graduated from Harvard as a physicist.
Well also have the opportunity to meet with Sherab. A
Bhutanese, Anji, (Tibetan doctor) who runs a clinic in
Namche. Have your health checked, pulse taken, astrology
reviewed and ask him about anything you choose. These
consultations are by donation. And the clinic is righ next door
to our beautiful hotel, with hot showers in every room.
Wow
Day 5. Namche to Tenboche
In every trip we have one day built into the program as a
spare day that is a weather day, an altitude day, a sore
knee day. Today, day 4 we can use up that day if fitness
is not catching up to demand, but if all is well, we head to
Tengboche. Here one of the most important monsasteries
in the Himalayas exist and the high righpoche of tengboche
monsastery may, depending on his schedule, give us an
audience.
This day involves the last of the big hills we climb from
Namche, flat for 2 hours, and then another Namche Hill up
to the monastery. Here, well choose one of the poorly lodges
in and around the monsastery and enjoy a game of volleyball
with the monks. Or sit down to a cold beer depending on
our health..

Youll get a chance to sit with the monks while they chant the
darma and watch them meditate. Here is a significant spiritual
shock as you contrst the joyful, playful informal atmosphere
of monks achieving enlightenment to our conventional
western way of thinking, pious and rigid religions.
Day 6. Dingboche
Now we are above 4,000 meters and all bets are off. Altitude
is our guru up here and if we are not feeling great, then
plans adjust to suit. This is where experience takes the
place of bravery. Today, our aim is Dingboche, but there are
three alternatives along the way. Each provides an brilliant
alternative to the 4400 altitude climb to Dingboche.
Its a long flat and gradual ascent to the chukung vally where
Dingboche sits and we take the whole day. Great views of the
mountains and wonderful people make this day a total treat.
Day 7. Dingboche Phortse
WE now backtrack down from Dinboche, and from under the
shadow of the magnificent Ama Dablam mountain peak, to
Pangboche. Here we visit caves and a high monastery before
completing the journey to Phortse.
The track from Pangboche to Phortse is not for the faint
hearted. At least a meter or two wide this rock trail cuts
across a vertical cliff face. It is an amazing trail and often
here we find wild mountain goats, deer and of course, grazing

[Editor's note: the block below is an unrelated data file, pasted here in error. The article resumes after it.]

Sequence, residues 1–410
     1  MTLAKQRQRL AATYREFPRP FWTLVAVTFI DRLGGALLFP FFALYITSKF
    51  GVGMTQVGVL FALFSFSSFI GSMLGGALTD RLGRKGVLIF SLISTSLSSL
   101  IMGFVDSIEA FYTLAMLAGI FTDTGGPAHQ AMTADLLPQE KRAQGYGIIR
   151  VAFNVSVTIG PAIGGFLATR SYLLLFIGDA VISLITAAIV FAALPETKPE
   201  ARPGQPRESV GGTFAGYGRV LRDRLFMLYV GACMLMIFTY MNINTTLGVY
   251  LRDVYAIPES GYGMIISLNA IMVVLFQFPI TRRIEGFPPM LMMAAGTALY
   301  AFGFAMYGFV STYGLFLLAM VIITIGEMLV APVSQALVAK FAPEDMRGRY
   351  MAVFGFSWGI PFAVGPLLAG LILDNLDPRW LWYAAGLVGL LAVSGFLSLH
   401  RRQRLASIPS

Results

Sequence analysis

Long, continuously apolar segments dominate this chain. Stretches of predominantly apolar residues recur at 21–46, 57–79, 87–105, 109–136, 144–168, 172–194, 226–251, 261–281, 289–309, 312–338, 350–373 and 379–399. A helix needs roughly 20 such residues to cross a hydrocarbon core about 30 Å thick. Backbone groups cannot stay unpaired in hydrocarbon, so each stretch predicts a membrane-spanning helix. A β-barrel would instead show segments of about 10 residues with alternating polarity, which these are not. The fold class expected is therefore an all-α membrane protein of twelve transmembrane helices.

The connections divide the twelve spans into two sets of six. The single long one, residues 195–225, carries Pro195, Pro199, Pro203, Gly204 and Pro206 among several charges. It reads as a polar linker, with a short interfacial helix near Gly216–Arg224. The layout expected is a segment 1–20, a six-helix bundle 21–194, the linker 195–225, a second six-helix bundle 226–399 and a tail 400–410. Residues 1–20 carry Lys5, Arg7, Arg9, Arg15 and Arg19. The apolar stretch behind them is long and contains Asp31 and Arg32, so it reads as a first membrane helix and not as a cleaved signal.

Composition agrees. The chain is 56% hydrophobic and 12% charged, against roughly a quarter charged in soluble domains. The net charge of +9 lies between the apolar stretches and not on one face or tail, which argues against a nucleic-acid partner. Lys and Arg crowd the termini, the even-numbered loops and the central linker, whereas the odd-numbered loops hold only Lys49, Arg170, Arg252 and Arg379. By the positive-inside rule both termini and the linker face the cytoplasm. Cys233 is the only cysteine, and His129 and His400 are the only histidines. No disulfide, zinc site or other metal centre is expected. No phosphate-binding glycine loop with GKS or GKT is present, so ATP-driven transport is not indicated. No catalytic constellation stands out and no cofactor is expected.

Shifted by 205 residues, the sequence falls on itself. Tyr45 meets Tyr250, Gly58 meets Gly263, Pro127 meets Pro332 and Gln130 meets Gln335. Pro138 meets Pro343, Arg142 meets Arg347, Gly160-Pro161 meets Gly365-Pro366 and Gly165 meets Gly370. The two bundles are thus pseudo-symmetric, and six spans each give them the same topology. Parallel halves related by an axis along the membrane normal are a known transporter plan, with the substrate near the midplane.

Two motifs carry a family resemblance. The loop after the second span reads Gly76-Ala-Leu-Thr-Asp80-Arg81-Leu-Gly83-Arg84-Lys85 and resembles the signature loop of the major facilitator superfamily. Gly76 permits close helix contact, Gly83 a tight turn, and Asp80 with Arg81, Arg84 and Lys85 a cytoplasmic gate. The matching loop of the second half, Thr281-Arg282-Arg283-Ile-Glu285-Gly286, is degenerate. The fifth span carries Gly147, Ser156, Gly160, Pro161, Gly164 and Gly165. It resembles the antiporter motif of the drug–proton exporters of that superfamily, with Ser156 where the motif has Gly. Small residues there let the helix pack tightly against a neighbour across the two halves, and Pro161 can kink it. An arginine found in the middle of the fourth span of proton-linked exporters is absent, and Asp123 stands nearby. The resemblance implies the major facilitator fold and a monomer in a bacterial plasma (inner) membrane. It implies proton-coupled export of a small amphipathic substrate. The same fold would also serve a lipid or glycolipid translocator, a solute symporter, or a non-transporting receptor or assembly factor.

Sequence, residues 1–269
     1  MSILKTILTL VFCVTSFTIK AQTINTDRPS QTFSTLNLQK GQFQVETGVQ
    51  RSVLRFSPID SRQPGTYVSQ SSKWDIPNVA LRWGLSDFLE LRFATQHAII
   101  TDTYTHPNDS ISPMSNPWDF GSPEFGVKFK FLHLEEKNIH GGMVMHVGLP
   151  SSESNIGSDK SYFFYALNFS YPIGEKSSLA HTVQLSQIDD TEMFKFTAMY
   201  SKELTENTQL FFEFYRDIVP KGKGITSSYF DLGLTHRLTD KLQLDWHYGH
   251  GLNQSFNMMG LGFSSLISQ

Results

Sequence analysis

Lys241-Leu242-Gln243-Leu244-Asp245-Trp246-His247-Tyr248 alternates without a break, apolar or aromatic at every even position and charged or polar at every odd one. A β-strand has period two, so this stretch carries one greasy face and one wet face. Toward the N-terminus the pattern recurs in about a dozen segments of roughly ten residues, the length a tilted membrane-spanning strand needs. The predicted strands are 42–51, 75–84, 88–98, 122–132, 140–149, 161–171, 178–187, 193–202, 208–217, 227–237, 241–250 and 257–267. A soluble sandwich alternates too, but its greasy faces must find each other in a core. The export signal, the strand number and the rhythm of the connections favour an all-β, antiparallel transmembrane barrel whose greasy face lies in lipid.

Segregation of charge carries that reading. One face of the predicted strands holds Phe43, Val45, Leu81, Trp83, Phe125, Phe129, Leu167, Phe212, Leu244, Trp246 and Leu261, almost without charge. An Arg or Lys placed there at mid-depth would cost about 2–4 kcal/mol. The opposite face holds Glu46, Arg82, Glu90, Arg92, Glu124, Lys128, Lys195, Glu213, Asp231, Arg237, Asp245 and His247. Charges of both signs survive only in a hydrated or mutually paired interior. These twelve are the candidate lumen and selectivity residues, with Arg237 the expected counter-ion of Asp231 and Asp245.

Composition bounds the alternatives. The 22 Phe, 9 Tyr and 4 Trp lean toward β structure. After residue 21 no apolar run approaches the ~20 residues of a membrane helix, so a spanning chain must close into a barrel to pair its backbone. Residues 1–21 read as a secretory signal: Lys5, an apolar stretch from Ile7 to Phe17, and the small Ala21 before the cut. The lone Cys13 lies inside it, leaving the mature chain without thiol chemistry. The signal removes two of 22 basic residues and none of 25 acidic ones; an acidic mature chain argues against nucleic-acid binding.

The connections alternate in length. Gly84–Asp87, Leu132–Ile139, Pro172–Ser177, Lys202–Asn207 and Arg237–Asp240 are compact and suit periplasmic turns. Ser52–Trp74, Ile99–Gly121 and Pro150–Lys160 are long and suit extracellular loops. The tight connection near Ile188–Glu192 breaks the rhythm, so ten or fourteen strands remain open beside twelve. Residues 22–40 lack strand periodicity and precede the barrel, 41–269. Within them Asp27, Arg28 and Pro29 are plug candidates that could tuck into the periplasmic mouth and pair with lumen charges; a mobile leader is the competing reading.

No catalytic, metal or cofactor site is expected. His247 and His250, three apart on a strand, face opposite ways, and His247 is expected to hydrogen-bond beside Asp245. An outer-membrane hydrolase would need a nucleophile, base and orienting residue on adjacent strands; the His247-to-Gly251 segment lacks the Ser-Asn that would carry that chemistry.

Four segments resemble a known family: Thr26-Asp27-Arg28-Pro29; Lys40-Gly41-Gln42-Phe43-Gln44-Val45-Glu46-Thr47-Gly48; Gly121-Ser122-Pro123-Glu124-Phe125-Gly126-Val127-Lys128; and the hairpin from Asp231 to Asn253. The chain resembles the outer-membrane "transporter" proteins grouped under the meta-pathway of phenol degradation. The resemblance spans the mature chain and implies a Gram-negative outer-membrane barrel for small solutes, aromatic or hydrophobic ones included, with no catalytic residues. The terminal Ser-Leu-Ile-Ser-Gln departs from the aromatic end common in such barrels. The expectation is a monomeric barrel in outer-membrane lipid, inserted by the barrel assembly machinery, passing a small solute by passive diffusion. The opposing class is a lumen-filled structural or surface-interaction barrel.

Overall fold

yaks.
Day 8. Phortse Dole or Machermo
At 6.00am we rise, take a wonderful breakfast with my friends
and 4 times Everest Summiter, Pa Nuru, and then head off
down into the valley to begin the journey to Gokyo. From the

bottom of the valley we have a two day journey to the lakes


and this is probably the prettiest valley of all. Our destination
today is Machermo, but again, we have many options so that
health and acclimatization remain our prioritiy.
In this valley, temperatures drop as we come out of the
forests and onto expsed pastures. Wind can sweep down from
the surrounding peaks. Our down jackets are always at the
ready along with gloves, beanie, and mouth guard. (Cold air
entering the mouth under exercise conditions can chill the
lungs and cause fluid build up, and eventually a chest cold)
therefore, people wear medical face masks, bandanas and all
manner of ideas to simply filter air into the mouth through at
least one layer of cotton.
Machermo valley is delicious. A new medical center, wonderful
surrounding clifs, a view to the other side of the mountains
and sunsets that behold make this my favorite photo stop.
There are other benefits of this valley but youll see these only
once you get there..
Day 9. Gokyo
On most trips, we take our spare day here. In Machermo.
Tiredness, the beauty of the spot, altitude and sometimes
weather all add to make this a rest day. However, if the
decision is to continue, we are only a few short hours from
the sacred lakes of Gokyo, and our last altitude climb, Gokyo
Re.
We stroll past these high altitude aqua blue green lakes, build
a few stone statues, photograph the magnificence of it all
and arrive at our highest sleeping destination for the journey.
Here, the rest of the day is spent relaxing, and looking down
on the lonmgest morain, glacier on earth. Mountains surround
us, and you can be forgiven for comparing this to Switzerland

chocolate wrapper scenery (except we are higher than any


mountain peak in Europe)
Early to bed,
Day 10. Gokyo Machermo
Freezing, we rise at 4.00am (it is all voluntary) and begin
the slow ascent of Gokyo re. Our down jackets soon come
off as the heat of hard work fuels us with energy. 3 -4 hours
later, we summit, usually shout with unbelievable excilatation,
raise some prayer flags we have carried up and say a few
prayers for friends. Here we are and the sun begins to light
the Mountains, Mt Everest comes alive in Red, yellow, blue
and cimson sunrise After snacks, photos and some deeply
amazing revelations, we come down slowly, it still takes 2
hours to decend the winding path and when we again reach
the lake, there is a release of emotion that can only be lived
to be described.
After breakfast, a rest and some last minute snaps, we
decend to Machermo again in the afternoon. It takes only a